According to Wikipedia, PowerPoint is 23 years old this year. In the last 23 years of my information-seeking, I cant remember any moment at which Ive thought What I really want is to see a PowerPoint presentation on X. Id often have been interested in an article, a diagram, a video or maybe even a lecture or a podcast, but not a presentation in itself. So given that Thing 11, Slideshare, is all about making such presentations publicly available, I find it hard to be enthused.
I can see the practical uses, especially if youre someone who gives a lot of presentations and wants to make them easily available for reference. But as Trainee Mermaid points out, theyre really only useful for those who have already attended the presentation, because otherwise youre missing half the content. Of course, it would be possible to create presentations that were intended to be viewed independently (and I suspect some are), but then theres no need to stick specifically to PowerPoint.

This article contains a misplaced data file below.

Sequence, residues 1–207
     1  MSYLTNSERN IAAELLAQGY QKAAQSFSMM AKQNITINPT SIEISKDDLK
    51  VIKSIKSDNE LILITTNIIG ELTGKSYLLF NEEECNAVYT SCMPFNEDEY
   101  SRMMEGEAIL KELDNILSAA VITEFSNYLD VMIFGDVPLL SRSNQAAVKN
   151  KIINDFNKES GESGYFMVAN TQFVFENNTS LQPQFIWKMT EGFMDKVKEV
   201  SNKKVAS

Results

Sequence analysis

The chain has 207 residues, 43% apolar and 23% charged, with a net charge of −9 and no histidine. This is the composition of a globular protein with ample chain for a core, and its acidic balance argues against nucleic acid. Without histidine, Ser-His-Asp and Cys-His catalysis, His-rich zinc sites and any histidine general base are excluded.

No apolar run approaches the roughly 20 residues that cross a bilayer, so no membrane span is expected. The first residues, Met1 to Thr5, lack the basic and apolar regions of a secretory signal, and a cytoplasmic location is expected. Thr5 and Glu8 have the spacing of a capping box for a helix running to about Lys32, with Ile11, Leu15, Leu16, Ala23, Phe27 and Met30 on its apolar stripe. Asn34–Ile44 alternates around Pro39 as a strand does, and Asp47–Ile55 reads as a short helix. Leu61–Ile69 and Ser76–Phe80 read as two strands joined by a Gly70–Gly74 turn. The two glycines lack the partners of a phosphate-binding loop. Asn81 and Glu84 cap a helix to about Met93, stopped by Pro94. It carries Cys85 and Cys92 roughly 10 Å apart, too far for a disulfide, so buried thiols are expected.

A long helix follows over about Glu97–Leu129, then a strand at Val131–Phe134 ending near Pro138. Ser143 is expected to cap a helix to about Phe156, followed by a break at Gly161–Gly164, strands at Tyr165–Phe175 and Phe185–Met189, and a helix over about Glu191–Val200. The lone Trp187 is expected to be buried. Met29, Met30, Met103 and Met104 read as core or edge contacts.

As a historian, Im dragging myself reluctantly into using PowerPoint, at least for lectures. It seems to be expected now: in a training course on presentations I once got told that I was brave for not using it (I presumed brave was being used in the Civil Service sense of stupidly reckless). It obviously makes sense for archaeologists, art historians, palaeographers and others using a lot of visual evidence, but for those more textually-focused historians, how do you use PowerPoint successfully in teaching?